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    Families That Scapegoat

    By Tom Moon, MFT–

    When Maureen’s aging mother fell and broke her hip the day before Thanksgiving, Maureen left her wife and drove seven hours to be with her injured parent. Maureen’s four brothers arrived too and stayed in the family home, but they told Maureen to get a hotel room because there was no room for her. She faced an atmosphere of coldness and hostility, both from her brothers and from her mother.

    At dinner, her eldest brother got drunk and blurted out the reason for their anger: their mother’s fall was Maureen’s fault. As the only daughter, it was “selfish” of her to leave town and move in with her wife, when her clear duty was to set aside her career aspirations and her relationship in order to stay home and take care of their mother. Her brothers, (two of whom lived closer to their mother than Maureen) apparently had no such responsibility. For Maureen, this was just the latest episode in a lifetime of being blamed for every problem in the family.

    One of the cruelest and most damaging patterns in dysfunctional families is scapegoating, in which one or both parents chooses a child to be blamed for the unhappiness, conflicts and failure in the family. Scapegoating is a “projection defense” in which making the scapegoat look bad diverts attention from the real sources of the family misery.

    Once the victim is chosen, other children in the family join in on the bullying, usually with the active encouragement of the parent. Children who are scapegoated typically learn that they are at the bottom of the pecking order in the family, and automatically gravitate to that role at school or at work. 

    How can you recognize if you are the family scapegoat? The most obvious sign is that, when you are blamed for family suffering, even when it has nothing to do with you, your first reaction tends to be to feel ashamed rather than indignant. When you point out reality or blow the whistle on the destructive behavior in the family, you are not only not believed, but also you are further targeted as a troublemaker.

    You find yourself repeatedly accused of behavior that the scapegoater engages in, as when a parent rages at you and then accuses you of having a bad temper. You are treated as the family black sheep, and habitually face contempt and disgust. You may be the emotionally healthiest member of the family, but you are still repeatedly accused of being bad, sick or difficult. As an adult, you may be accomplished and successful, but family members discount and criticize your achievements.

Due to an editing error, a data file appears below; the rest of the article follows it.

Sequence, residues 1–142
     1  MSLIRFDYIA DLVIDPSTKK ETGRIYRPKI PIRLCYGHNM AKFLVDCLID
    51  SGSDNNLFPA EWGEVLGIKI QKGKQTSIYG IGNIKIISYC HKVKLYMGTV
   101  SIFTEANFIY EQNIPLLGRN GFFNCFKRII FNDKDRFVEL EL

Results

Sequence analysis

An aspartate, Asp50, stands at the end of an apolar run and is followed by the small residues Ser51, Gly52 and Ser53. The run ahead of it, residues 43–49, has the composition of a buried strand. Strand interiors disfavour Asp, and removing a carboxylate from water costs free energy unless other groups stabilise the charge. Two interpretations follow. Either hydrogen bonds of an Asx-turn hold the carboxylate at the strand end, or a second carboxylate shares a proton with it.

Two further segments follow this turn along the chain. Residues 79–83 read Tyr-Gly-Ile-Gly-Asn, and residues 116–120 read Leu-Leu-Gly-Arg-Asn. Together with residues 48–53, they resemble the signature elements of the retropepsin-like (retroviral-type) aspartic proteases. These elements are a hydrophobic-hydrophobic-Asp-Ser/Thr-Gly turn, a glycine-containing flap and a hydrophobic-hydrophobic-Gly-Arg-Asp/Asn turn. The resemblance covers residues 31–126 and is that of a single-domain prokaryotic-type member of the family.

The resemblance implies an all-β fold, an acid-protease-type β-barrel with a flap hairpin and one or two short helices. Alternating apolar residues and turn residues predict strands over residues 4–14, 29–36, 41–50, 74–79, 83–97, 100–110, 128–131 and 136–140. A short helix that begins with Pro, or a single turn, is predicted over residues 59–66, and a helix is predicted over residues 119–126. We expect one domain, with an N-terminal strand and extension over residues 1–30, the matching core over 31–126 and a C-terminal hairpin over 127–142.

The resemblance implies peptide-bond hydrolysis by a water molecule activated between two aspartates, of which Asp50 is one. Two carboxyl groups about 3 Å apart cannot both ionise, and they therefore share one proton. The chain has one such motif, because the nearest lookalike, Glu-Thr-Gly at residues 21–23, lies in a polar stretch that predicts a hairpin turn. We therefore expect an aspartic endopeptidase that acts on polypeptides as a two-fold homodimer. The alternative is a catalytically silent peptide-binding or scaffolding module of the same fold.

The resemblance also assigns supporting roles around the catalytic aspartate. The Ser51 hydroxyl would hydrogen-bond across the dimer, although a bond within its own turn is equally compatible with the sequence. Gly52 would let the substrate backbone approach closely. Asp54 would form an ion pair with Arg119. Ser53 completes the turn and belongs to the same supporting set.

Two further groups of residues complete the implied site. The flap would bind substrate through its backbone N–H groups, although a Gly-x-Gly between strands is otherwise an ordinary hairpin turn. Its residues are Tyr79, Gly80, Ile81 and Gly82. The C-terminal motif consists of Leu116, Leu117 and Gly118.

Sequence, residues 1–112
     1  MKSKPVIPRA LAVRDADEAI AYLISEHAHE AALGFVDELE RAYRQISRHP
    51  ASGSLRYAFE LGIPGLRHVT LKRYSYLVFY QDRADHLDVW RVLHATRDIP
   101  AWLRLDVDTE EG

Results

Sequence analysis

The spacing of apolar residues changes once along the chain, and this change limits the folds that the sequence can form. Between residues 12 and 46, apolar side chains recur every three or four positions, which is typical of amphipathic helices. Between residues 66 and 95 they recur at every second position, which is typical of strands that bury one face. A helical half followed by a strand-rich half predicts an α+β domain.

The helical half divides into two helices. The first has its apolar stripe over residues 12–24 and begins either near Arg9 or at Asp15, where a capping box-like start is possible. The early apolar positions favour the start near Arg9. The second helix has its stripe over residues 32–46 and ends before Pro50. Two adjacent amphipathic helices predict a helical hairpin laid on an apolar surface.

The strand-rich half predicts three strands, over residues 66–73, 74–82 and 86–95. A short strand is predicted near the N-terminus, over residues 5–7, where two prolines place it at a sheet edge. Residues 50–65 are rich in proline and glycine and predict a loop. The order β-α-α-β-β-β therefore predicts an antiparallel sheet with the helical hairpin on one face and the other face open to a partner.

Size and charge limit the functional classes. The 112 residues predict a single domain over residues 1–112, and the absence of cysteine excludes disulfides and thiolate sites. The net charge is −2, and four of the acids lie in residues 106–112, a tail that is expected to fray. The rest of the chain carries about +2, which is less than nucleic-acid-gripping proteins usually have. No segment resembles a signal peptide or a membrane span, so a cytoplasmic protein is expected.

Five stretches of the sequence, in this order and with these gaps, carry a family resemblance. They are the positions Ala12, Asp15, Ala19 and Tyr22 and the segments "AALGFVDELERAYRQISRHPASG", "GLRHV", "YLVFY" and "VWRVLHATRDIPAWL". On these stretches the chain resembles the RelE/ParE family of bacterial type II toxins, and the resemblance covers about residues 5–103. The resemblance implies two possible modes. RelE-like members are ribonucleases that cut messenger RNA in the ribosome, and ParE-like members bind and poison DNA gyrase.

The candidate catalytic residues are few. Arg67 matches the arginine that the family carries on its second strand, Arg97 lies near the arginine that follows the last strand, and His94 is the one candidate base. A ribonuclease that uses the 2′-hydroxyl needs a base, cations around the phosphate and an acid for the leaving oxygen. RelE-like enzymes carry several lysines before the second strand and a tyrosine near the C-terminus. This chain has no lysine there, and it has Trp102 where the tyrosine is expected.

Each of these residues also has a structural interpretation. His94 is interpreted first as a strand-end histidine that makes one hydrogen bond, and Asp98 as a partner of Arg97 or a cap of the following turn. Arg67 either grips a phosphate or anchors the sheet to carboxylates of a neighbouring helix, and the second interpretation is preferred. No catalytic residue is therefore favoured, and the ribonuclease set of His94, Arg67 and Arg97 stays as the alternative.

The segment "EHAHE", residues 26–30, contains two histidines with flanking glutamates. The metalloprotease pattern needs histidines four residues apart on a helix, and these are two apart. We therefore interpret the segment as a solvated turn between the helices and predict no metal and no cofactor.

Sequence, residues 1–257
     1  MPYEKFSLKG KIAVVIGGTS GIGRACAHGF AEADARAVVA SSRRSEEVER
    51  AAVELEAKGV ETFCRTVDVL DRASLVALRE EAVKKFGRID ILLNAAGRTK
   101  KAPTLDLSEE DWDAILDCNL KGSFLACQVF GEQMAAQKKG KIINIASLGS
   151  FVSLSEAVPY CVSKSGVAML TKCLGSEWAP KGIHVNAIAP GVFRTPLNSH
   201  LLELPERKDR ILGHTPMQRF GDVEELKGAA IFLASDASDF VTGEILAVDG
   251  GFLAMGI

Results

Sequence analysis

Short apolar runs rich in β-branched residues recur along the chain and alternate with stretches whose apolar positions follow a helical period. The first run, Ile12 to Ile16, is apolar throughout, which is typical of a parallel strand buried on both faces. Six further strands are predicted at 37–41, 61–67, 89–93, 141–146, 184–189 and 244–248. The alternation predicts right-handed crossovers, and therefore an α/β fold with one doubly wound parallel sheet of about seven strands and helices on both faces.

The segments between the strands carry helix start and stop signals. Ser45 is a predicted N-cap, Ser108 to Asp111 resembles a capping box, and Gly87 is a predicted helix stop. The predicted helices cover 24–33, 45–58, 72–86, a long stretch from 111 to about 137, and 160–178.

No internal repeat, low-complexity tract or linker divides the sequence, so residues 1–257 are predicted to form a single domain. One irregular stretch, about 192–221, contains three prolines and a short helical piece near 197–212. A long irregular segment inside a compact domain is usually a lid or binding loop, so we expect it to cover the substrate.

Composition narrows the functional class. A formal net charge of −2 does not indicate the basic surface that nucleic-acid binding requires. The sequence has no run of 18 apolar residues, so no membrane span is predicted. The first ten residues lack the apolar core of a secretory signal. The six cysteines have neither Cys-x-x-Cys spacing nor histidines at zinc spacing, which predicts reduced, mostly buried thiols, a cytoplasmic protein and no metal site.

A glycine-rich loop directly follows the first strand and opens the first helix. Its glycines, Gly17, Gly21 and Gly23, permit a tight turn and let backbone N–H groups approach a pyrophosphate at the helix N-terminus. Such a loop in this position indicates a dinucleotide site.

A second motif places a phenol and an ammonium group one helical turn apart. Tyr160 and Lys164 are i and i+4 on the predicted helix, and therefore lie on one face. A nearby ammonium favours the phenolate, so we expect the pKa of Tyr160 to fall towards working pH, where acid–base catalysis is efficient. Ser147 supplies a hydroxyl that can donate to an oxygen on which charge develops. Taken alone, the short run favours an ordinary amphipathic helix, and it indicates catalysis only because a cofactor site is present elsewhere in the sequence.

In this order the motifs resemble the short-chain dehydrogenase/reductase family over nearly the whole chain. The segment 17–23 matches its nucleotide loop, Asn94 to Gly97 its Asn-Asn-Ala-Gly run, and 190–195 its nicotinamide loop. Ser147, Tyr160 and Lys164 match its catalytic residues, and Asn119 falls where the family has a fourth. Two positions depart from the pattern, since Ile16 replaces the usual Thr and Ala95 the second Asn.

For Maureen, the family response to her mother’s fall has been a wake-up call. She has finally realized that it’s futile to continue trying to win the favor of a parent who didn’t love her when she was growing up. A parent who rejects her own child usually has some kind of severe personality disorder and isn’t likely to change. And when Maureen’s brothers participate in her mistreatment, they are a group of bullies, not a family.

    If you have been a family scapegoat, your inner work is to come to understand that everything you have learned to believe about yourself as the scapegoat—that you’re weird, or bad, or crazy—is false. Your feelings of guilt, shame and self-blame actually belong to the perpetrators. They used you as a dumping ground for their painful feelings.

    The best that you can do is to understand the underlying dynamic of your family and to work to come to peace with it on your own. In my experience, it’s usually not realistic to expect parents to own up to their mistreatment. If you confront them about it, the most likely response is that they will only deny and blame you again for being ungrateful.

    Accept that you may never be able to have a healthy relationship with your scapegoaters. This may mean having little or no contact with them, and you may have to experience grief as a result, but the pain of having to mourn these losses will be much less harmful than the pain of continuing to endure the abuse. As a survivor of bullying and abuse, your lifelong task is to focus on learning to treat yourself with kindness, care and compassion, and to seek out relationships in which you are loved and respected.

    Tom Moon is a psychotherapist in San Francisco. For more information, please visit his website